Have you noticed news stories about the 4,000 head teachers who are distributing a letter to parents across England about school funding and budget squeezes? Perhaps you're one of the parents to receive it?
Throughout England, Wales and Northern Ireland, many groups from unions and educators to organised school staff and parents will have their say about school funding in the coming months. The reason is that the Chancellor (Philip Hammond) announces the Autumn Budget soon on November 22nd. The budget will reveal how the government will allocate monies to state departments in England, including the Department for Education. By keeping school funding at the top of the news agenda, it's hoped to influence decision-making so that further financial resources go to the DfE, on top of the £1.3 billion of reallocated money that Education Secretary Justine Greening has already announced for schools. Under devolution, funding for education is set locally by assemblies in Wales and Northern Ireland, so the immediate impact of the Autumn Budget will be specific to England.
The National Funding Formula (NFF)
The new National Funding Formula is also to be introduced by the government for all state-funded schools in England. This is a separate but related issue to school funding. The formula is a new way of distributing funds to individual schools. Implementing it is seen as a way to address historical injustices that saw similar schools receiving wildly disparate amounts in their annual budgets. Any further funding to the overall DfE's budget for schools announced by the Chancellor will not change the formula, but simply see more money spread to schools via the new formula. See our guide for parents on the new National Funding Formula for more.
What parents think
Although parents are making their voices heard about school funding, unions and educators have tended to drive the headlines. However, our annual Parent Survey has helped to give parents a national voice on this important issue.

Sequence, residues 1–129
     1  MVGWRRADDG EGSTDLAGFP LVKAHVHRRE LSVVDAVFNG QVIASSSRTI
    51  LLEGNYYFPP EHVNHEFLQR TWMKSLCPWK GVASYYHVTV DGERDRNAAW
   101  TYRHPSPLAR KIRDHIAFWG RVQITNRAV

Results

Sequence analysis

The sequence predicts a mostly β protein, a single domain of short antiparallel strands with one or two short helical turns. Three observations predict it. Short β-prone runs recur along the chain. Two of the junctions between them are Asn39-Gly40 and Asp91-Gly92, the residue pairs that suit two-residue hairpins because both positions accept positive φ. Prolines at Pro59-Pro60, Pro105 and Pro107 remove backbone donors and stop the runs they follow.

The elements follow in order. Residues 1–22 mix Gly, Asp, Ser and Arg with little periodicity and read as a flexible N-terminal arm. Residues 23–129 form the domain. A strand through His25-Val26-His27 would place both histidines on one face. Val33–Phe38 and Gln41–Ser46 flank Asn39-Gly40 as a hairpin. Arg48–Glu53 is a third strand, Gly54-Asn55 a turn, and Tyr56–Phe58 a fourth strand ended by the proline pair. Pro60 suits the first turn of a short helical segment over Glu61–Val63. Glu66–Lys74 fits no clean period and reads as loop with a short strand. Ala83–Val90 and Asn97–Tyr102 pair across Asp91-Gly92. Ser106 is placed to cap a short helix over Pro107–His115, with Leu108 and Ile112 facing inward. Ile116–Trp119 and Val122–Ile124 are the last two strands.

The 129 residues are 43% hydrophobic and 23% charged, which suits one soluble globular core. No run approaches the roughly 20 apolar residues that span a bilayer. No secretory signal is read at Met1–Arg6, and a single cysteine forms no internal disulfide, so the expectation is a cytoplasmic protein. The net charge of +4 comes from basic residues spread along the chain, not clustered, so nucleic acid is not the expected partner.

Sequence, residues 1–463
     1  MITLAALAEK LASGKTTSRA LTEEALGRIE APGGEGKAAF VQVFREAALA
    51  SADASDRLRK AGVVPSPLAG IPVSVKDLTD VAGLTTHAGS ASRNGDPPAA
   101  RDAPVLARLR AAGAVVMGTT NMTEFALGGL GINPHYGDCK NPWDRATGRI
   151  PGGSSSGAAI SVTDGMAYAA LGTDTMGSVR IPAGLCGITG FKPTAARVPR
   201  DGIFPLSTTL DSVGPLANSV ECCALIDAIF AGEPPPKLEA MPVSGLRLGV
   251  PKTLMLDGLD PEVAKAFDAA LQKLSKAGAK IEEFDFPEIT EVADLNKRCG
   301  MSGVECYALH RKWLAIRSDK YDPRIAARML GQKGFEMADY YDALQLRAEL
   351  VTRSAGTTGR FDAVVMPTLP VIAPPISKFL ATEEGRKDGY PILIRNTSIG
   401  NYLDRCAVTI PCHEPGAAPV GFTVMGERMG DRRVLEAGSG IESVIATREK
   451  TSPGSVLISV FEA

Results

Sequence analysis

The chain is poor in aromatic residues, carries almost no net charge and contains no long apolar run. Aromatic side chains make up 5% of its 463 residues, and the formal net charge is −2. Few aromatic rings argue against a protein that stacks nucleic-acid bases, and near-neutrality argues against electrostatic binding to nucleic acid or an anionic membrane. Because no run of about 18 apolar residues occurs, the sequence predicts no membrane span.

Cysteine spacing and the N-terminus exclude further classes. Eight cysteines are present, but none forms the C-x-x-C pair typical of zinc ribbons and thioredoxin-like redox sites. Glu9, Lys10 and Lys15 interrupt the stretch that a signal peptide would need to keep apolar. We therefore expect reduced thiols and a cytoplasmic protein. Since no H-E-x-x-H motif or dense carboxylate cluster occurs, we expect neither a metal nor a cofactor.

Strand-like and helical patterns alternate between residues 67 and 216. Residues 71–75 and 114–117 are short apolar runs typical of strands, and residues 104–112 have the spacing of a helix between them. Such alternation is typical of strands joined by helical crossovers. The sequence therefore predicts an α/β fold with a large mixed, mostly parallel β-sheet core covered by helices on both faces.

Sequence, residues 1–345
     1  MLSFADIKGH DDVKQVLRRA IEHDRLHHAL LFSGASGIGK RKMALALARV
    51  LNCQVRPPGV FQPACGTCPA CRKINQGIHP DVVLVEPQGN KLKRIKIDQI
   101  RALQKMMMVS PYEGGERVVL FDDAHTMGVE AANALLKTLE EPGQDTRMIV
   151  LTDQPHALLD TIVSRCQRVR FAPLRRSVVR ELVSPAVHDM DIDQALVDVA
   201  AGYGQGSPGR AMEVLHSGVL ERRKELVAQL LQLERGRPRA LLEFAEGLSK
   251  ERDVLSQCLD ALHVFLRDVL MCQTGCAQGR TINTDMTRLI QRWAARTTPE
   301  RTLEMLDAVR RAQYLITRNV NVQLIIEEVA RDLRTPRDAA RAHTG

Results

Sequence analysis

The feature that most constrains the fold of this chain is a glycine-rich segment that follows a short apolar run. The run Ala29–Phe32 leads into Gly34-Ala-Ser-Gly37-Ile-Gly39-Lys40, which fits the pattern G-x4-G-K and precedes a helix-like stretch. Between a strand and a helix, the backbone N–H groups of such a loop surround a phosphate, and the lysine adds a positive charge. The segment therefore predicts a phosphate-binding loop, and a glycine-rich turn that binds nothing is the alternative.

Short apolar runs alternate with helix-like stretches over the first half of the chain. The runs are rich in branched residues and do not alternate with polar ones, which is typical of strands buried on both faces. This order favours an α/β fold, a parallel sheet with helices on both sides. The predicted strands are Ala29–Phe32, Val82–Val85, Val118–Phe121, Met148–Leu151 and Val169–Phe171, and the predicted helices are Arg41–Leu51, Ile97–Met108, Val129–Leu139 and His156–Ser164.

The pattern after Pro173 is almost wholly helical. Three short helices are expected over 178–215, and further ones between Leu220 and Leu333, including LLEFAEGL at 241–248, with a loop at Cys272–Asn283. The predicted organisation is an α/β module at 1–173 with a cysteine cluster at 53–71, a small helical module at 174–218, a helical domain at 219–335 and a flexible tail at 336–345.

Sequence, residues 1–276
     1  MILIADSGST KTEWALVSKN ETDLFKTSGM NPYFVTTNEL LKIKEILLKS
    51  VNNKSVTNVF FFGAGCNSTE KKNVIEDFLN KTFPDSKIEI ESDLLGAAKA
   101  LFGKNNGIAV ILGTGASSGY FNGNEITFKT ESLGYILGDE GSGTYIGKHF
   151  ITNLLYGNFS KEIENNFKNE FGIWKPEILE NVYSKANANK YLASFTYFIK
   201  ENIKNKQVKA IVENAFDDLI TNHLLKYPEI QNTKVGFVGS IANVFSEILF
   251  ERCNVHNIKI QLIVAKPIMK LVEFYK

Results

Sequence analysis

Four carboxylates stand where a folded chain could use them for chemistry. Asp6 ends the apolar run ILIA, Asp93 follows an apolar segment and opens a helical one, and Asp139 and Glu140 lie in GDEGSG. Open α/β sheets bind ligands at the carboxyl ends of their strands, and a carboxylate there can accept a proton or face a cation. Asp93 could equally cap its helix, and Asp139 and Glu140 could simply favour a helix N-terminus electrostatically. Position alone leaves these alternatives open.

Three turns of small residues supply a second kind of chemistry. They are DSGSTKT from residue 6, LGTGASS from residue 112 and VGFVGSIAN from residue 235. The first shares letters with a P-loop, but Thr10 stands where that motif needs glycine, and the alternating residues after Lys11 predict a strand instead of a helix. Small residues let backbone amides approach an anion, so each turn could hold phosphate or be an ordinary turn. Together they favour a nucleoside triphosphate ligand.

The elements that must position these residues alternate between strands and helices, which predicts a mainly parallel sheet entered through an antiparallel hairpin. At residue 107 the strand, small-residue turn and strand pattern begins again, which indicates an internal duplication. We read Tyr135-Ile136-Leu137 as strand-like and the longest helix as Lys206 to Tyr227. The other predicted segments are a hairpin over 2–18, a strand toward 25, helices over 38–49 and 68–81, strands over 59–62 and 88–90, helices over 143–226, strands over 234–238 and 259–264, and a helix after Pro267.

The key highlights show:
- more than 3/4 parents believe the cost of sending a child to state school is increasing
- more than half are concerned by the costs
- both figures have increased significantly since 2016
- more parents have been asked to voluntarily donate to their school fund, and
- more parents are donating to their school fund compared to 2016.
For further details on parents' views on school funding, see our easy-to-digest infographic
as well as the full report
How can you and/or your PTA help?
When issues first started to generate headlines, we wrote an open letter to parents and PTAs
, stating our position on school funding
Parent groups in schools have never been more important. With more and more parents concerned by school funding issues and keen to support their school, there's never been a better time to engage parents and bring them on board so that PTAs can contribute by fundraising for their school and providing parents with a voice.
Our Parent Survey 2017
showed that using PTA money to support the school’s core budget was one of the top ideas favoured by respondents. Such initiatives won’t solve funding problems, but the contributions are valued by school leaders and lead to opportunities for parents to get involved.
There are plenty of ways you can get involved at school and volunteer your time and experience. Our weekly news roundups
will keep you up to speed on key education headlines. Why not subscribe to our Parent eBulletin
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